When Government Is The False Advertiser, Cont’d

Mayor Bloomberg’s New York City health department has come in for repeated criticism in this space and elsewhere for crusading against salty and fattening foods through ad campaigns that manipulate viewer reactions in ways that border on the misleading and deceptive (“What can we get away with?” famously asked one official). They’re at it again. On January 9, Gotham’s for-your-own-good crew unveiled a new ad warning “Portions have grown. So has Type 2 diabetes, which can lead to amputations,” dramatically illustrated with a photo of an obese man with a stump where his leg had been. But as the New York Times reports, city officials “did not let on that the man shown — whose photo came from a company that supplies stock images to advertising firms and others — was not an amputee and may not have had diabetes.” Instead, they just Photoshopped his leg off, which certainly got the effect they were looking for, albeit at the cost of photographic reality. At an agency developing an ad campaign for a private company, someone might have advised adding a little fine print taking note that the picture was of a model and had been altered, lest the manipulation turn into the story itself, or even attract the interest of federal truth-in-advertising regulators. But the Bloomberg crew probably isn’t worried about the latter, given that their constant stream of hectic propaganda is fueled by generous grants from the federal government itself. Such grants also helped enable a contemplated booze crackdown exposed by the New York Post this month—quickly backed off from after a public outcry—that would have sought to reduce the number of establishments selling alcohol in New York City.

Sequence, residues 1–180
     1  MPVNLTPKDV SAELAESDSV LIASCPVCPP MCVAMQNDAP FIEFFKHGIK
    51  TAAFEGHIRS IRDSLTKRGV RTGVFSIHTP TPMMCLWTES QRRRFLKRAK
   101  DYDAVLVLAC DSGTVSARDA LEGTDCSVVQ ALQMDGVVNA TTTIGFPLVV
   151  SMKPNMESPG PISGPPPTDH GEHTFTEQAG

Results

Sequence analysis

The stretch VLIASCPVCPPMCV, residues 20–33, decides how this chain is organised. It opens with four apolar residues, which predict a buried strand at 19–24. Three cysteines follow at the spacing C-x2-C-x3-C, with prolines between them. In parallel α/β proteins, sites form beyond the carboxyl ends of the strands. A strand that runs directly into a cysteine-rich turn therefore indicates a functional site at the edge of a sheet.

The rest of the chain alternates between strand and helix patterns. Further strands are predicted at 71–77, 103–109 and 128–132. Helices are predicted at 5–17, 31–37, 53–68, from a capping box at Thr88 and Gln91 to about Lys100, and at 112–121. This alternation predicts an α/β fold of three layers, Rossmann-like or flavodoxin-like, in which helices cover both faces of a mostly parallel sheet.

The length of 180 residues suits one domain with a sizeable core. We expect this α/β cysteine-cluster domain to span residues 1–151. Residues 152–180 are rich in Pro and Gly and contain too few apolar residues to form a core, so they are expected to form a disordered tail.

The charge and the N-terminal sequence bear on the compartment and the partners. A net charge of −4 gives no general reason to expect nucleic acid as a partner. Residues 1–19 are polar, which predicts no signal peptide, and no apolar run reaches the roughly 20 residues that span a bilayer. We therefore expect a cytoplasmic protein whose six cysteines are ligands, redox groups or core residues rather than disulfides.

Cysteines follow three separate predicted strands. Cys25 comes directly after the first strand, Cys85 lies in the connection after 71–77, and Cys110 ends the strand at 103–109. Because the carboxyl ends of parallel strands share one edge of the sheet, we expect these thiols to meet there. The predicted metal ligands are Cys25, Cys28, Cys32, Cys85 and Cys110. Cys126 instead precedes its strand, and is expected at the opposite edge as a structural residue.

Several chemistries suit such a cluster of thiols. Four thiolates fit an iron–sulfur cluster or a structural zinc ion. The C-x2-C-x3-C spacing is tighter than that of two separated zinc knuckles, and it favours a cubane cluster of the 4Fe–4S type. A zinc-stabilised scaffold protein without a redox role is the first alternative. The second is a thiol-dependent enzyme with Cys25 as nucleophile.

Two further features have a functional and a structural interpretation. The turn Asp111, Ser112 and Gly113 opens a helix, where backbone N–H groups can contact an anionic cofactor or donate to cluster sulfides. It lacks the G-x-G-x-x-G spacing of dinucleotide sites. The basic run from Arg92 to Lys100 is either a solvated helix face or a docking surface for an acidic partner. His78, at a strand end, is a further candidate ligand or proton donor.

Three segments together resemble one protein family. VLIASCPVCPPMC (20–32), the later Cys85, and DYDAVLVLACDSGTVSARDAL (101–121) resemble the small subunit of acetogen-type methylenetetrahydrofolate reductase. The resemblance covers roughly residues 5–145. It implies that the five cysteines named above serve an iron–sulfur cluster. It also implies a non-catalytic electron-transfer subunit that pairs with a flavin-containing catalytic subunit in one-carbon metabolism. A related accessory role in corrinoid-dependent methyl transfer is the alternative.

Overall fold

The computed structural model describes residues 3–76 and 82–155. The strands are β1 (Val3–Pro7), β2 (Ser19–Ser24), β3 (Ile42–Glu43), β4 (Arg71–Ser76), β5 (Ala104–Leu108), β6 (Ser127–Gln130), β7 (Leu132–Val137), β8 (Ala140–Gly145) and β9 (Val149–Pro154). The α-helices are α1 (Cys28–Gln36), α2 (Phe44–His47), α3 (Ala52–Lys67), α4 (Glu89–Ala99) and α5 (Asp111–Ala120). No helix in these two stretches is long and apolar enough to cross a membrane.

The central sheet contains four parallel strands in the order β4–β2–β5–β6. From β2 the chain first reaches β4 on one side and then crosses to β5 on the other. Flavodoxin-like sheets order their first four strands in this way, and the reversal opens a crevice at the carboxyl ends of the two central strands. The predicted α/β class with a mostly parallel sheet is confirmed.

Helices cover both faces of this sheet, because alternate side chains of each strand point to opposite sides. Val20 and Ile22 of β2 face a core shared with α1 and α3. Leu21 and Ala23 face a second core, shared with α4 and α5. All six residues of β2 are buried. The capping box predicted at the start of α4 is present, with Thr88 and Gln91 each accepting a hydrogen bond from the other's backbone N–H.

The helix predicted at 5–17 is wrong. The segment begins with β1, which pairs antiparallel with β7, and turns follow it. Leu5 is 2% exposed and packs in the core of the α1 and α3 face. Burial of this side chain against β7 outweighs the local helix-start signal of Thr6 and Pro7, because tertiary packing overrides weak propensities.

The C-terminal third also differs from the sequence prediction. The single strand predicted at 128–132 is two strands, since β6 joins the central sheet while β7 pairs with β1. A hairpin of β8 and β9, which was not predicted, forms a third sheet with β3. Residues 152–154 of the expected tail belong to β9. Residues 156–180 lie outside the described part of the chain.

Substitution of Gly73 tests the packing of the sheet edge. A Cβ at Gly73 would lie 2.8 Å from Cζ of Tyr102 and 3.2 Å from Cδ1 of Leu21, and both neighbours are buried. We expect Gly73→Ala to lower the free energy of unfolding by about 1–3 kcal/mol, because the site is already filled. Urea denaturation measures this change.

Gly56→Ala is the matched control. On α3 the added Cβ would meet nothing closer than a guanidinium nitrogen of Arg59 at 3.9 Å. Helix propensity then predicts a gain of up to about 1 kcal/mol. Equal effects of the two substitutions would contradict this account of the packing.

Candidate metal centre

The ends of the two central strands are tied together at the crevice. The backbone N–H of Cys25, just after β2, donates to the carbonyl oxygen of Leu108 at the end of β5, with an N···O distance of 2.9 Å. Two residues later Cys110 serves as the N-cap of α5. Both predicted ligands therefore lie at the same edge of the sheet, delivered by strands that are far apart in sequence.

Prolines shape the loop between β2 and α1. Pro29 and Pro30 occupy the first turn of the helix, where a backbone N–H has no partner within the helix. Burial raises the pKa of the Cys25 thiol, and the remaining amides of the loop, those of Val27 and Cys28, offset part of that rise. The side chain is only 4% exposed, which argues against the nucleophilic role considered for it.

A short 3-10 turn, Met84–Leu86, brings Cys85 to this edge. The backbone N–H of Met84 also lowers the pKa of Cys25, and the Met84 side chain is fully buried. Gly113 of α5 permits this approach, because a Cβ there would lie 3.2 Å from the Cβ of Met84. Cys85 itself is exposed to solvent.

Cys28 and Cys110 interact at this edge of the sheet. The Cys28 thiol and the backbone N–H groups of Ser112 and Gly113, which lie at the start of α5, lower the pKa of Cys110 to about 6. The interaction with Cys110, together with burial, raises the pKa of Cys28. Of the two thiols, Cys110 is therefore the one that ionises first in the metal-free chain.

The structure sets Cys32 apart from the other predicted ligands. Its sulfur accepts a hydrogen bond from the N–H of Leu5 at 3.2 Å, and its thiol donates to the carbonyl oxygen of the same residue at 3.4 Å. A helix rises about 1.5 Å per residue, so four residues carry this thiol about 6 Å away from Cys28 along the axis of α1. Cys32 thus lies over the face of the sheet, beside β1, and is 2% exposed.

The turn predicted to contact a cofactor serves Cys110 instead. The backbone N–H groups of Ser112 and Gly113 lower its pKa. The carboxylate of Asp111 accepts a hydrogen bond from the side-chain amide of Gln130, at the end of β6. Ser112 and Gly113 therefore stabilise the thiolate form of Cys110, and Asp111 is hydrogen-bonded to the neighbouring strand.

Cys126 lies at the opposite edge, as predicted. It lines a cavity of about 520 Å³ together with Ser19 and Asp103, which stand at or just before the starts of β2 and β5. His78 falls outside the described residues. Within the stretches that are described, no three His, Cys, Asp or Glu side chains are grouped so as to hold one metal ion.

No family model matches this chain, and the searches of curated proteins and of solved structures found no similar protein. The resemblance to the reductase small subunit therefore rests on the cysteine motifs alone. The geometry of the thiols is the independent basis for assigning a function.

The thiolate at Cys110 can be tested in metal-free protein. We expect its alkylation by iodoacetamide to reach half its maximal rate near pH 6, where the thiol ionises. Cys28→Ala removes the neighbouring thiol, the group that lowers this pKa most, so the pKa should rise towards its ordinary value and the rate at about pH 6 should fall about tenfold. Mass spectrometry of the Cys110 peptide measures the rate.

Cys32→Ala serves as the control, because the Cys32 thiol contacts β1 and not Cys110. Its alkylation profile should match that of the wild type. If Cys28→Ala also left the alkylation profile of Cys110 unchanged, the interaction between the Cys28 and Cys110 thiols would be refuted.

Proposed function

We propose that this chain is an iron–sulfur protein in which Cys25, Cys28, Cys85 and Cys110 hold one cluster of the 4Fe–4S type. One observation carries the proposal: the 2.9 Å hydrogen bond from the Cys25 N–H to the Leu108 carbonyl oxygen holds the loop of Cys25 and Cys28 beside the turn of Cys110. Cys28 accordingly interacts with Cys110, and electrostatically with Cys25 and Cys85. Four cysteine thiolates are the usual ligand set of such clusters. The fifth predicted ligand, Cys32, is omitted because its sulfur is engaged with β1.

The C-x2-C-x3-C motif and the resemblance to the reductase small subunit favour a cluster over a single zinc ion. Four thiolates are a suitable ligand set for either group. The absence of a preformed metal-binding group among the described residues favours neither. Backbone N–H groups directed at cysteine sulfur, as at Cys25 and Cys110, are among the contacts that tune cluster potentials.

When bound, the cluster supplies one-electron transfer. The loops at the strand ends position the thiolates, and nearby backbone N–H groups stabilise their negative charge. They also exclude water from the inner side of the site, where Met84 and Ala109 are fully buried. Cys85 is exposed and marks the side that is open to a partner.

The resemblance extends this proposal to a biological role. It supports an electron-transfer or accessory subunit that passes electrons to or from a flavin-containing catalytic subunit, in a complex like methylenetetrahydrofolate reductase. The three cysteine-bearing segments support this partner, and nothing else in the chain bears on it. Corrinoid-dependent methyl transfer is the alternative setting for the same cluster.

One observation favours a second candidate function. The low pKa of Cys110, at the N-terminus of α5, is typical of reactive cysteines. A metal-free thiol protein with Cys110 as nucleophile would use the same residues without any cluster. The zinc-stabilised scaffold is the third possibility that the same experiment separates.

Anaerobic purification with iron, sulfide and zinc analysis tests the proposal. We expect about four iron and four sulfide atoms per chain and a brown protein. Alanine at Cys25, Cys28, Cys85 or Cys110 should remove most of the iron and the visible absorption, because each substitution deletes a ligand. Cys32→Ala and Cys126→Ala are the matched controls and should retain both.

While on the topic of nannyism, the Times also reported this week that Penn State researchers found that the fad for banning so-called junk food in schools had no apparent effect: “No matter how the researchers looked at the data, they could find no correlation at all between obesity and attending a school where sweets and salty snacks were available.” Number of “food policy” types quoted in the article admitting “maybe we were wrong”: zero.